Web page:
Meanwhile, on 9 March the UN Human Rights Council-mandated Commission on Human Rights (CoHR) in South Sudan presented its latest report. Yasmin Sooka, Chair of the CoHR, said that “killing, torture, rape, intentional starvation of civilians, intimidation, displacement, enforced disappearances and corruption have become the norm” in South Sudan. The CoHR found that both the government and the armed opposition have used starvation of civilians as a method of warfare, including by looting and destroying harvests and impeding humanitarian assistance. Sexual violence, including gang-rape, sexual mutilation, forced marriage, abduction and sexualized torture, is ongoing and “characterized by a recognizable pattern of terror and subjugation.”
These findings come despite the fact that on 22 February President Salva Kiir and opposition leader Riek Machar formed a Transitional Government of National Unity (TGoNU) as part of the 2018 Revitalized Agreement on the Resolution of the Conflict in the Republic of South Sudan. While the formation of the TGoNU was an important political step, ongoing crimes documented by the CoHR and the recent inter-communal violence demonstrate that civilians continue to face the threat of mass atrocity crimes perpetrated by both state and non-state actors.
Impunity for past atrocities and recurring inter-communal violence endangers the possibility of a lasting peace in South Sudan. During its current session, the Human Rights Council should extend the CoHR, including its mandate to “collect and preserve evidence of, and clarify responsibility for, alleged gross violations and abuses of human rights and related crimes, with a view to ending impunity and ensuring accountability.”
On 5 March the Appeals Chamber of the International Criminal Court (ICC) authorized Chief Prosecutor Fatou Bensouda to open an investigation into possible war crimes and crimes against humanity in Afghanistan. This overturns a previous rejection of the Prosecutor’s request by the ICC’s Pre-Trial Chamber.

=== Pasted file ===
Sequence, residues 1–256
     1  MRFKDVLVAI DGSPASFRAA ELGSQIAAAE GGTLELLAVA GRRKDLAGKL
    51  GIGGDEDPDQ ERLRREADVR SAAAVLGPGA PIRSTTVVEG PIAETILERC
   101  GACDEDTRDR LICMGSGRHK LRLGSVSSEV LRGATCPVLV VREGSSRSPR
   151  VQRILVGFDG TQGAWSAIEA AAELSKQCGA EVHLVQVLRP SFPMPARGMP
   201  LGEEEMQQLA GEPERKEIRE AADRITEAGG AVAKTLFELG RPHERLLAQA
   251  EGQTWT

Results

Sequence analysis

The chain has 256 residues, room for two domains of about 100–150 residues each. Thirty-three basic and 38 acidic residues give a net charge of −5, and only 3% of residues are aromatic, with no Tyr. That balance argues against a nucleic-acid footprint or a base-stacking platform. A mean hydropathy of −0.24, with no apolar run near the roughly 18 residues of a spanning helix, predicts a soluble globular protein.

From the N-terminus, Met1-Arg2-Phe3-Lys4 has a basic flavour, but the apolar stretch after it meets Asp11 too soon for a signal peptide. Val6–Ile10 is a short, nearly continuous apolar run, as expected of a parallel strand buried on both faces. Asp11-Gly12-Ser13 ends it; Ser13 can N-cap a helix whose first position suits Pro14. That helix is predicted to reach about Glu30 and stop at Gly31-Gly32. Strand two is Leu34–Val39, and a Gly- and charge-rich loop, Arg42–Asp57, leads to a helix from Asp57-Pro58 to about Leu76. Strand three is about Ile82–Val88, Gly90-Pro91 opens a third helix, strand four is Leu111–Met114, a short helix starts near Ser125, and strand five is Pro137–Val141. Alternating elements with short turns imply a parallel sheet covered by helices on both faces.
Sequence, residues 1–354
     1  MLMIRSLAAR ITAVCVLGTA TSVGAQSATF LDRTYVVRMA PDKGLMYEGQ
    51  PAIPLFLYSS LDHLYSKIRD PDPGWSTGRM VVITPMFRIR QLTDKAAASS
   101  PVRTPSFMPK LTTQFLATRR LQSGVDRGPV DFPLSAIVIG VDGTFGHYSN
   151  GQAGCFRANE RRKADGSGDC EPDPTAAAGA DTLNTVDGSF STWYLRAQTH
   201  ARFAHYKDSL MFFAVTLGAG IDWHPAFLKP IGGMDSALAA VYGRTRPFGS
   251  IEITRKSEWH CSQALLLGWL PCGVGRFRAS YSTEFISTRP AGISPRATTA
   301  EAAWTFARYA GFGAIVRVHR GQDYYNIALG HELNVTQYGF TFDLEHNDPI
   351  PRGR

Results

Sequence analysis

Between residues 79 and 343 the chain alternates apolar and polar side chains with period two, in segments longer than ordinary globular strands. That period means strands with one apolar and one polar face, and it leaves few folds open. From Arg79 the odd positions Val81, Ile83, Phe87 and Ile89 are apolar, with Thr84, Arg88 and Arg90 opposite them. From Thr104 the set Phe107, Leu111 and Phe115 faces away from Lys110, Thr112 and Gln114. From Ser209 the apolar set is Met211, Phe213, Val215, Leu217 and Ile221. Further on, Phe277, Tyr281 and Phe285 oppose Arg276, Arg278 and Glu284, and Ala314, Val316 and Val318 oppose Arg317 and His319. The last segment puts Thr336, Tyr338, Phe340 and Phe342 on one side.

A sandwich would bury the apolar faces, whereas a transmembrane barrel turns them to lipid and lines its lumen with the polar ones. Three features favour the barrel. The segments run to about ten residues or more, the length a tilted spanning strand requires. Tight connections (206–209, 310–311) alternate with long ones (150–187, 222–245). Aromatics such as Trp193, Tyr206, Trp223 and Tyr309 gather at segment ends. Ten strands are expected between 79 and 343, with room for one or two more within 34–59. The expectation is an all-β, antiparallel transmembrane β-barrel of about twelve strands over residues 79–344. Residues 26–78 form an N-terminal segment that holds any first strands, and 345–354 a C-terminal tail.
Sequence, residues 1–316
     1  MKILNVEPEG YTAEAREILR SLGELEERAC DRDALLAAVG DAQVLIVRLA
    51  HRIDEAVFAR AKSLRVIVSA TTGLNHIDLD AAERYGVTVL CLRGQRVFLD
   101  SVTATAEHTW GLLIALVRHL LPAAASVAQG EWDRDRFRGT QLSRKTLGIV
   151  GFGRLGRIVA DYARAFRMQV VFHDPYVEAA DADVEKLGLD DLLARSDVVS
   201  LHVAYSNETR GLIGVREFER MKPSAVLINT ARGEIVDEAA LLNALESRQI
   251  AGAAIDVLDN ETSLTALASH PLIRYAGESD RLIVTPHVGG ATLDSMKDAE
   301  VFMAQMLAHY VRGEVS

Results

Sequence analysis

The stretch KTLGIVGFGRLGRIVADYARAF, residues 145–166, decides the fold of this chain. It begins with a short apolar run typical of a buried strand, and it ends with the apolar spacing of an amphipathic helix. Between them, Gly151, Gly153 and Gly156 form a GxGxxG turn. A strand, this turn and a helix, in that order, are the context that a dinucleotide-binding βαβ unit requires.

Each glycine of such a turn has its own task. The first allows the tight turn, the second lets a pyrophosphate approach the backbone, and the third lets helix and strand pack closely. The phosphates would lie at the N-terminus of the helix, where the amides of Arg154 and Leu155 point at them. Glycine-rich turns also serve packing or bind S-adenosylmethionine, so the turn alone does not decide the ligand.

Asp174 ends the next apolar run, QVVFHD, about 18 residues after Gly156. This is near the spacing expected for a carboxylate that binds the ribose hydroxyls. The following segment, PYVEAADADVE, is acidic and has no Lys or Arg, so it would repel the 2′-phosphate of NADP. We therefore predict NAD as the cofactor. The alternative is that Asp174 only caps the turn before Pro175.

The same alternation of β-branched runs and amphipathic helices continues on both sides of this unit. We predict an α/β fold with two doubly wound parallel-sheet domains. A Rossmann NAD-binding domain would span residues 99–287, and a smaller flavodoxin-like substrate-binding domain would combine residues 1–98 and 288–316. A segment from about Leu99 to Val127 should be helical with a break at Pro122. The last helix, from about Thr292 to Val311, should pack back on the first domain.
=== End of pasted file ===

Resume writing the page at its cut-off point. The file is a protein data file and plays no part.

During the 18-year war in Afghanistan various parties to the conflict have perpetrated targeted attacks on civilians, as well as torture, rape, enforced disappearances and extrajudicial killings. On 20 November 2017 the ICC Prosecutor requested authorization to proceed with an investigation into alleged war crimes and crimes against humanity committed in Afghanistan since May 2003. The Prosecutor determined that alleged crimes committed by parties to the conflict – including the Taliban, Afghan National Security Forces, and the United States (US) armed forces and Central Intelligence Agency – were sufficiently grave to fall within the Court’s jurisdiction, and that no national proceedings had taken place to hold perpetrators accountable.
In response to the Prosecutor’s request, the US government warned that retaliatory action would be taken against ICC officials and cooperating States Parties should the Court attempt to investigate or prosecute US citizens. Taking these threats into account, on 12 April 2019 the Court’s Pre-Trial Chamber concluded that an investigation would not serve the “interests of justice” because of “the complexity and volatility of the political climate.”
The decision of the Appeals Chamber was a reaffirmation of the principle that no perpetrator should be above international law. Chief Prosecutor Bensouda welcomed the Appeals Chamber’s decision saying that, “the many victims of atrocious crimes committed in the context of the conflict in Afghanistan deserve to finally have justice. Today, they are one step closer to that coveted outcome.”